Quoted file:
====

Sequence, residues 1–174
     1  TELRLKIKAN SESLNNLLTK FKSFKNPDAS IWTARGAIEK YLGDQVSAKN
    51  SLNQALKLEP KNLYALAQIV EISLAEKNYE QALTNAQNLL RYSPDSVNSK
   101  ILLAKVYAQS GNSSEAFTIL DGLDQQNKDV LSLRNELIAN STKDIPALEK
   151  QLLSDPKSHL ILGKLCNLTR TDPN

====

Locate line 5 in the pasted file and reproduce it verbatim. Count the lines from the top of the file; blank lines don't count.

   151  QLLSDPKSHL ILGKLCNLTR TDPN